The transition from high school to college is a daunting one, even if you’ve done everything in your power to prepare for it. If you’ve attended hosts of seminars and maybe even spent a summer at an on-campus educational camp, for instance, great! Being proactive in these matters is definitely an element of responsibility and character that you want to take on your path to higher education. It is important to note, however, that even those wonderful opportunities aren’t able to put into perspective certain things about the college experience that can only be learned by living them. This is because the biggest challenge that most freshmen face is independence. It sounds like a good thing - and perhaps it is - but the burden that comes with being freed from the shackles of curfews, supervision, and (hopefully) transportation restrictions lies in the self-discipline that it then commands from students who want to succeed in school and their future careers. So, if you’re currently in your first semester of college, here are a few things that would be of service to keep in mind.
This one’s a no-brainer, but at the same time, it’s undoubtedly the most pervasive issue that plagues incoming freshmen who are inexperienced with the new workload and time management skills that the college curriculum demands. The first semester is a time of transition, and it’s especially easy to be overwhelmed with the academic and social scenes of your campus. So, while it’s perfectly natural to be overwhelmed and feel endlessly stressed or lost, it’s critical that you don’t let that plunge you into a head space of catatonia and depression. This is one of the times that you need to apply yourself, because things that you previously may not have had to have responsibility for are now all in your hands. Buying textbooks because there aren’t class sets, finding peers to create study groups or reaching out to peer tutors for help instead of professors who may be too busy - and even menial tasks like having to do your own laundry at unconventional times of the day or week to avoid eternal lines will certainly dogpile on your conscience. But don’t procrastinate on any of these things (certainly not your laundry!) because at the end of the semester, the damage that this negligence can do might spoil the rest of your years at college - you definitely don’t want to be spending the rest of your time there remedying grades.
Work out a balance between your work and social life
Hanging out with friends and going to parties may sound like a counterproductive means of subsistence in college, but it’s equally important to reserve a social scene in your life because you might otherwise regret your decision not to. Whatever you enjoy doing, even if it has no fiscal or extracurricular value that you can put down on a resume, it’s a good idea to continue doing these things since committing exclusively to academia isn’t necessary to pave a promising career path for yourself right out of college - or even just to stay afloat in school if that’s as far as you’re concerned. Of course, ultimately you should do what fulfills you, and if that means making the aforementioned type of commitment, there’s absolutely nothing wrong with that either. But when I say that you risk regretting not enjoying yourself more in school, I mean to remind you that college isn’t an institution that you go to just for an education. You’re there to meet people, to experiment with prospective passions, and most of all, to learn about yourself - to carve an identity out of everything you’ve been through, especially including your time there. The earlier you figure out the type of balance that fulfills you on both sides of this aisle, the better!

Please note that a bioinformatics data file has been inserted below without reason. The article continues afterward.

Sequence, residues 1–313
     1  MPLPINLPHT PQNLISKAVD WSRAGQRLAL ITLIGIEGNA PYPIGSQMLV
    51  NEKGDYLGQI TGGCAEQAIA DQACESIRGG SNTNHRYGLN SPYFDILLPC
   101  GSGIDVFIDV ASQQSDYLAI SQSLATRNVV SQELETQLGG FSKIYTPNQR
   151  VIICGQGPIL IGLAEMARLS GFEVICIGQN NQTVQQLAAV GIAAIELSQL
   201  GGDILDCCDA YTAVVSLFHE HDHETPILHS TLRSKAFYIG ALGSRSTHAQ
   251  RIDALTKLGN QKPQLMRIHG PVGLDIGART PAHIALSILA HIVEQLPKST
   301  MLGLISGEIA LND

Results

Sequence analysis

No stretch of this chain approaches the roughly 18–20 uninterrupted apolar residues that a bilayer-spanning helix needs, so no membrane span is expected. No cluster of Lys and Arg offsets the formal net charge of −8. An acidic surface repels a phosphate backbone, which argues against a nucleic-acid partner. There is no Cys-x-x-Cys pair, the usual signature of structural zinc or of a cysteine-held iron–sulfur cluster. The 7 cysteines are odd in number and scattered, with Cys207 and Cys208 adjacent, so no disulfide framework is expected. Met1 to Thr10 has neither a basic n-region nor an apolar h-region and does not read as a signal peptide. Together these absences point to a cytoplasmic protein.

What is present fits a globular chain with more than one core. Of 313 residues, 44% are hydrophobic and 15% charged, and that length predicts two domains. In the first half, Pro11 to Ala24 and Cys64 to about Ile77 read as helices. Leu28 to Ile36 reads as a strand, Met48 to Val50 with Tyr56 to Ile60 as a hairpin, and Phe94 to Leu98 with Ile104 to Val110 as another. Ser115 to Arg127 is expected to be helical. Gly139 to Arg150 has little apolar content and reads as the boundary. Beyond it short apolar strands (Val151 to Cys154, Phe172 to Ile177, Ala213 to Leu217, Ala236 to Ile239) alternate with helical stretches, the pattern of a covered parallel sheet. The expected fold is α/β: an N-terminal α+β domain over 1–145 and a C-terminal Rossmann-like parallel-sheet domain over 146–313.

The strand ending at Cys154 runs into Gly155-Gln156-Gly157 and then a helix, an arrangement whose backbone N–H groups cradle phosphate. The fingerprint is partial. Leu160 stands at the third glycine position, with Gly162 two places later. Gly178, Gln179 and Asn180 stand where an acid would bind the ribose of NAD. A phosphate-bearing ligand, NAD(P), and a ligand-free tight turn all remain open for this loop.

College isn’t always exciting
Alas, we end on a solemn note. I do this because at the end of the day, we’re all still going to school. And coming out of it, we need to be adults whose perceptions of the world are based in substantive knowledge of the realities that we are preparing ourselves to survive in. It really only takes a few days after the hysteria of settling in fades away for you to realize that college isn’t anything remotely similar to their cinematic counterpart. It’s not an endless cabaret of parties and drama and sunny days spent in the quad. We’re sold these images long before we attend these institutions, and almost no one tells us how much daily studying is required of students. While you can definitely manage your time to make your college experience its picture-perfect version that we watch before television screens, it remains an indispensable fact that there will still be a substantial amount of studying involved, provided that you want to graduate. This isn’t an uplifting message, perhaps, but it is one that you will eventually need to hear.
Amidst all of these things to keep in mind, there is one more: college flies by. Be it your first finals week or a slow day with a particularly heavy workload, your first semester will fly by like a speed demon, and by the time you rear your head around to look back at it, you might find yourself close to graduation. You’re a freshman now, and in just a few more years, you won’t have the privilege of scheduling your obligations (classes) around your sleep schedule anymore, or of hanging out with your friends as frequently. You might be a senior whose sights are trained on something else, or a fully-fledged adult who can only reminisce about the days of yore. So, remember to do the things that your future self will smile looking back upon.
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